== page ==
This year, with the help of Joann and our other workawayers, we have the beginnings of a vegetable garden. I planted salad ingredients such as sorrel, wild rocket and spinach, and as they began to grow discovered that we had wild sorrel in the garden already, as well as the peculiarly named leafy green Lambs Quarters which are very, very similar to baby leaf spinach in flavour and appeared everywhere in early June, just as nettle season ended. We also have abundant chickweed – which has popped up in any place where the ground has been cleared for planting, and of course, stinging nettles which we used as our spring green up until the time they started to flower, and the ground elder, which is still producing some young leaves we can use.
My acid test of any gathered food is my husband… if he is prepared to eat it then it’s fine. He would absolutely not consume something just because it was good for him.
We have many, many pea plants this year… partly because I threw onto the vegetable patch a bag of dried peas that I had soaked for sprouting. It’s ridiculous not to soak dried pulses for a day or two before you use them, and the nutritional content of a seed which is in the process of germinating is infinitely better than those long dead relatives you get in cans. However, the young leaves on garden peas, are tastier again than the sprouts, so I’m glad I had too many and had to scatter them around the place.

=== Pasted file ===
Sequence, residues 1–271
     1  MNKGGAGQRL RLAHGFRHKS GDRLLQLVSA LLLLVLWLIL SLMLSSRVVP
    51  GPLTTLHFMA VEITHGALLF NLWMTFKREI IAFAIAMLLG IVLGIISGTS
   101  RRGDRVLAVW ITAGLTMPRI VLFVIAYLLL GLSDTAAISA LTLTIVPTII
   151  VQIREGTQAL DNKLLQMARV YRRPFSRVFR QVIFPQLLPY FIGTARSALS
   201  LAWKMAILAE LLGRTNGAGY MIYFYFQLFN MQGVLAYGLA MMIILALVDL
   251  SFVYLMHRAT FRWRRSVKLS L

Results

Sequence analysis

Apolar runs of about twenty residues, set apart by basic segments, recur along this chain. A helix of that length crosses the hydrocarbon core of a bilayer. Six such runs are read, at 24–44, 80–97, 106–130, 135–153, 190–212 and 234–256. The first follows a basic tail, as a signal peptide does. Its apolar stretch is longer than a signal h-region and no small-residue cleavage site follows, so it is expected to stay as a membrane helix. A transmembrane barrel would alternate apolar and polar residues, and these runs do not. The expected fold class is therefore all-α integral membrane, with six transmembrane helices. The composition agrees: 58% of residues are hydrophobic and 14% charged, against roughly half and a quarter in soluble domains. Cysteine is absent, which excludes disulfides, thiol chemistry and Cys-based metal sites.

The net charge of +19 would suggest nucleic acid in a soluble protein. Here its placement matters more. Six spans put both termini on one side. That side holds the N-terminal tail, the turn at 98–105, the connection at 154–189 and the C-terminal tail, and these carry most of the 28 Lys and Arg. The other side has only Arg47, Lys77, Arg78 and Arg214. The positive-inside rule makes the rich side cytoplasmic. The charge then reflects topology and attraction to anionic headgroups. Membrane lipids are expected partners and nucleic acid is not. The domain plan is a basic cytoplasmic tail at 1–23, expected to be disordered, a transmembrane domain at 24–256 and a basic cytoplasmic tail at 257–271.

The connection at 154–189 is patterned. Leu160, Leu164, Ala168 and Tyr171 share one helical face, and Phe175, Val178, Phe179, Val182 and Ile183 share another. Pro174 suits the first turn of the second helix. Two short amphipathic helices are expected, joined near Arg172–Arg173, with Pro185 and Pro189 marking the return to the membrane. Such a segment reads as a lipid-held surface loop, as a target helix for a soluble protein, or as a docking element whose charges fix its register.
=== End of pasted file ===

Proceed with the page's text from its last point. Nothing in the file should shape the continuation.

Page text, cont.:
Chickweed is an interesting plant – it is sold as a health supplement to people who want to lose weight – and not because of it being such a tiny green plant. I’ve not read anything in the New Scientist about it, which is a shame, because my personal experience is that it does seem to help you feel full after a meal. My friend Sara says this could be because it’s so nutritious that your body isn’t looking for more vitamins and minerals – non-nutritious food starves our bodies of essentials and causes our appetites to remain unsatisfied. It would seem perverse to dry chickweed out and put it into tablets, though, when it’s so abundant and tasty thrown into a salad. Ironically, if you search for chickweed on google you get ‘how to kill chickweed’ – this terrible, invasive, nutritious & tasty salad ingredient…
And chive flowers! What a discovery. They are delicious. After you pick the whole flower head, just nip the stalk away and you will have a handful of delicate, little, blue, crunchy, chive flavoured bells to decorate your salad.
So, on to the recipe:
- 100 stems of flowering chickweed
- 100 stems of lambsquarters
- 50 sorrel leaves
- 10 chive flower heads
- dressing of your choice – half balsamic vinegar, half olive oil & a dollop of mustard, for example.
Mix and serve.